New taxa in abstracts

Fredrik Pleijel f.pleijel at
Tue Aug 12 06:24:40 EST 1997

A large amount of a taxonomist's work involves trying to establish what
earlier authors have intended with a taxon name. This may be
understandable when examining 18th, 19th and early 20th century
descriptions; it is at least in part an effect of the fact that these
earlier authors did not have to differentiate their new taxa from as many
previous ones as we have today. These descriptions simply do not provide
information on many characters. Although we may have quite different
expectations of modern descriptions, a quick browse of the volumes from
the proceedings of International Polychaete Conferences unfortunately
provides the following list of new taxa and combinations which were
briefly introduced solely in abstracts and without accompanying paper:

3rd meeting in California: Lycastopsis riojai, new species; Cirratulus
gayheadius, new combination; Protocirrinereis chrysoderma, new combination,
Protocirrinereis ?antarctica, new combination.

4th meeting in France
Pseudocirratulida, new order, Pseudocirratulidae, new family.

5th meeting in China
Flotidae, new family; Polyophthalmus qingdaoensis, new species;
Micronerilla brevis, new species; Paraleiochrides, new genus.

Eupraxillella, Diopatra mexicana, Mooreonuphis pumae and Pista malmgreni
were also named in abstracts in those publications but constitute nomina
nuda since they were not accompanied by any descriptions.

The abstract descriptions fulfill the requirements of the Code for
introduction of new taxa (except the new order, a rank not governed by
these rules) in including latinized name together with some (no matter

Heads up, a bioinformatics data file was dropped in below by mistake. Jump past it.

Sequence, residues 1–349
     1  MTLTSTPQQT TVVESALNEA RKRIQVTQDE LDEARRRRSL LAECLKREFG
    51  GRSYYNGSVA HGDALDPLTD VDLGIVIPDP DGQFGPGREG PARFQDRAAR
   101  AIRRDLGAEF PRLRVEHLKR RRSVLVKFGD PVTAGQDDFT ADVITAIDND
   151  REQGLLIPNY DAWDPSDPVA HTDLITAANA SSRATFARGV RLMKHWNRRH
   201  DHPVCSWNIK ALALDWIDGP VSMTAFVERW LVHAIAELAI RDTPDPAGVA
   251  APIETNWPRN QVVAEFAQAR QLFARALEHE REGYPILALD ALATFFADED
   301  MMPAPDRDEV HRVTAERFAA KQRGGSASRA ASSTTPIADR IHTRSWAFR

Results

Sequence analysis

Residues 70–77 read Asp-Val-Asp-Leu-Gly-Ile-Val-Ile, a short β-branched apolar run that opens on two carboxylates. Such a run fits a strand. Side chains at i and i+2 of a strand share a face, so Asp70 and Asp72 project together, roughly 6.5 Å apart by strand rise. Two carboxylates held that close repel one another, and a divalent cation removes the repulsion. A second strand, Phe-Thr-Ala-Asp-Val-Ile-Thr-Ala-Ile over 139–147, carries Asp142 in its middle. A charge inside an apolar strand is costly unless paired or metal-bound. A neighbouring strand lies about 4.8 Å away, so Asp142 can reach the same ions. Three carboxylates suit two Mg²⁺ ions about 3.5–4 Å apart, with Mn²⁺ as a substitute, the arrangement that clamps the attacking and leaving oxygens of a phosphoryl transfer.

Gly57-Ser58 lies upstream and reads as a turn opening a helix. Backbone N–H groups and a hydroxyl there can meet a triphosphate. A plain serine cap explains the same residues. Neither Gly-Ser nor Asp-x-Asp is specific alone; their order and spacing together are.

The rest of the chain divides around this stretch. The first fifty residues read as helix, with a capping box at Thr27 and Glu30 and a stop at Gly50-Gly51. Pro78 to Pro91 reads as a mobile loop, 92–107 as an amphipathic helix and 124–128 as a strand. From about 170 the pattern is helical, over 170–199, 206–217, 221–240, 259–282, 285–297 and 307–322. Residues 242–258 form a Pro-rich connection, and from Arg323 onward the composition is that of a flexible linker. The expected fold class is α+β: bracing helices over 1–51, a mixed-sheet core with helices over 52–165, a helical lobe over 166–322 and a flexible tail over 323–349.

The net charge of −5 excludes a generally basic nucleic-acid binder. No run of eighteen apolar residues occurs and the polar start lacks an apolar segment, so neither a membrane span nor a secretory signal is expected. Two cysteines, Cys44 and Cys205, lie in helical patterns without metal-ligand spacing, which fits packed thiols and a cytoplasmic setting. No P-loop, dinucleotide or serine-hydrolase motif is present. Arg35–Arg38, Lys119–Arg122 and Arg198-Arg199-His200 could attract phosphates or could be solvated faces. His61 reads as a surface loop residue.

how brief) descriptive part. In our view, however, they do not fulfill the
requirements of biologists. We minimally expect a description and a
diagnosis; the former detailing characteristics which the experienced
taxonomist considers of importance and worthy of communication, the
latter features which permit us to recognize this taxon as different from
all previously named ones. Additionally, the new taxon should be followed
by comparisons of characters to those of closely related groups plus an
evaluation of its relationships. Very little of all of this information
can or should be provided in an abstract. These names also tend to
introduce nomenclatural problems when the full paper is later published
with statements that the taxa are newly erected; in that moment the
authors actually create both junior homonyms and junior synonyms of the
taxa which were earlier described in the abstract.

The introduction of new combinations also represents nomenclatural acts,
and should be treated with similar caution as new taxa. New synonomies, in
contrast, represent individual taxonomist's judgement on group affinities,
and as such represent separate acts without nomenclatural bearing. There
may be other reasons for not introducing them in abstract.

We therefore urge authors and editors to avoid future publication of new
taxa and new combinations in abstracts whenever these are published without
accompanying paper. These abstracts may be presented in similar form as
before, except that the formal introduction of new names should await the
complete publication.

Thanks from Fredrik Pleijel & Kristian Fauchald

Fredrik Pleijel
Executive editor for Zoologica Scripta
Current address (1st Sept 96 - 1 Oct 97):
Dep Inv Zool
National Museum of Natural History
MRC 163
Smithsonian Institution
Washington DC 205 60 US
tel 202 357 4594
fax 202 357 3043
e-mail f.pleijel at

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